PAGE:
Issue 120: August 2017
Profile: Tony Woodyatt, outgoing Director of LawRight – recognition of a job well done!
Tony Woodyatt has just stepped down as LawRight/QPILCH’s first director after nearly 16 years at the helm. Now is an appropriate time to recognise his significant contribution to the development of the pro bono movement in Australia.
Tony’s enthusiasm, dedication and perseverance (some may argue doggedness) to help those in need — to ensure that marginalised and disadvantaged Queenslanders are provided with access to justice at the highest possible — level has been infectious.
A point made strongly at Tony’s farewell was that he is not one to ‘big-note’ himself and the strength of his leadership has been his supportive nature for those around him and his ability to communicate at all levels – including at the highest levels of the legal profession, the judiciary and government where he is well known and well respected.
When QPILCH started in 2001 Tony was its sole employee working from a donated office and focused on referrals of public interest matters to a handful of top tier private law firm members. Today LawRight occupies an entire hall with over 30 staff and hundreds of volunteers. It has over 100 members including 40 law firms, barristers and universities.
This growth can be attributed to the vision, innovation and inspiration that Tony brought to the organisation and shared with the rest of the LawRight team. He has been supported by some great presidents and committees who have actively supported his unwavering commitment and hard work. Tony has worked tirelessly to identify gaps in the delivery of legal services to the disadvantaged and to liaise with a variety of stakeholders across the community to invent, adopt or adapt effective pro bono solutions beyond the ongoing public interest referrals.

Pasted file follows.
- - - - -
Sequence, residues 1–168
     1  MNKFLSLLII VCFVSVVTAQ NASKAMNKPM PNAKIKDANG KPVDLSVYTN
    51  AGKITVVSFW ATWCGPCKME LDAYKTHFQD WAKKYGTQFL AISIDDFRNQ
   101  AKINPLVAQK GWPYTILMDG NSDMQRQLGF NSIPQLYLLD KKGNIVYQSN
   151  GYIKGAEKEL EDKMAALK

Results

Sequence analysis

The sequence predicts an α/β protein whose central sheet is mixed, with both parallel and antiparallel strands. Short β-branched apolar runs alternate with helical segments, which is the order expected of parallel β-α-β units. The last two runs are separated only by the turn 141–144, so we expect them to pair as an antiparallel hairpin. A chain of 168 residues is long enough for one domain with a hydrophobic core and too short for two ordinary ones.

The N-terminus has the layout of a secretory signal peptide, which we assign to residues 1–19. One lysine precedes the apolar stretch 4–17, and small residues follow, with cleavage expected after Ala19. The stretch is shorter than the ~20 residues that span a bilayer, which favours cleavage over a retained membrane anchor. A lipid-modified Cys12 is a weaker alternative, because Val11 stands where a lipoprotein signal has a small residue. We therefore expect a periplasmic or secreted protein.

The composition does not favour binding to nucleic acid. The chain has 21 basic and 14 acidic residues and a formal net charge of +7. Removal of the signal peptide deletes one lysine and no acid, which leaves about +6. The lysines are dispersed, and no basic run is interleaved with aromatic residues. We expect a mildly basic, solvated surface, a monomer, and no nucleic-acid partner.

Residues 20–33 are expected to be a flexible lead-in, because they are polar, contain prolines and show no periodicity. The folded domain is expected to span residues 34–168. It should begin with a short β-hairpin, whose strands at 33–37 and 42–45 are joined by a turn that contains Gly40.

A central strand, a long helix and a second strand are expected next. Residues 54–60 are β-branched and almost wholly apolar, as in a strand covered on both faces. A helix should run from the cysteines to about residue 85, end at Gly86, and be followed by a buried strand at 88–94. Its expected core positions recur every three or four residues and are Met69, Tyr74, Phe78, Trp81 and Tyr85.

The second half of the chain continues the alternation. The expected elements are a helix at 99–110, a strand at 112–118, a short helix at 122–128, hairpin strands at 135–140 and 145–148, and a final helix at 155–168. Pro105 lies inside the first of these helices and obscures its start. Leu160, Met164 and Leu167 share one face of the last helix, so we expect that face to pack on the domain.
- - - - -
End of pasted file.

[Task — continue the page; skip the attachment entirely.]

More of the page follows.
Some of his key achievements include:
- Building a pro bono organisation which gained the trust and participation of the legal profession and professional bodies leading to their unflagging support of the organisation. Studying self-representation services in the UK and the US on a Churchill Scholarship, and subsequently working with the Supreme and District Courts of Queensland – particularly with Chief Justice Paul Jersey AC, Court of Appeal President Margaret McMurdo AC and Chief Justice of the Federal Court, now of the High Court, Justice Patrick Keane AC – to commence the first self-representation civil law service in the Supreme and District Courts of Queensland with the essential support of its members. This model now exists in all Queensland courts and tribunals and in the Federal Court across Australia.
- Pioneering the first Walk for Justice in Australia in 2008 which this year raised $173,000 nationally and over $80,000 in Queensland to assist the work of pro bono clearing houses.
- Developing a series of specific clinics in conjunction with most of the university law schools in and around Brisbane. Law student engagement in the operation of QPILCH/LawRight continues to be a defining feature of its ability to provide assistance – an impressive feat given its limited funding. These clinics have supported clinical legal education in each of these universities and helped develop the pro bono ethos amongst the many law students involved.
- Attracting talented staff and building strong teams that have in turn developed more innovative programs, e.g. the LegalPod and Legal Health Check initiatives.
Maintaining a clear focus on those in need, particularly marginalised and disadvantaged Queenslanders, has meant that Tony’s legacy is also great value for money. Despite having developed a diverse funding base for LawRight, Tony still believes the major challenge for LawRight remains obtaining steady and appropriate levels of funding and the increasing need for collaboration with the legal profession, government, Legal Aid and CLCs.
He is most proud of the self-representation service which he says has seen wonderful outcomes and is so necessary for the many people who fall through the gaps in legal prevention services.
Values for which Tony was lauded at his farewell included leadership, professionalism, inspiration, innovation, passion, drive, hard work, humour and the love of good food, books and music.
Thanks, Tony, for making an extraordinary commitment and we doubt it will stop in whatever you do next!
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AUSTRALIAN PRO BONO NEWS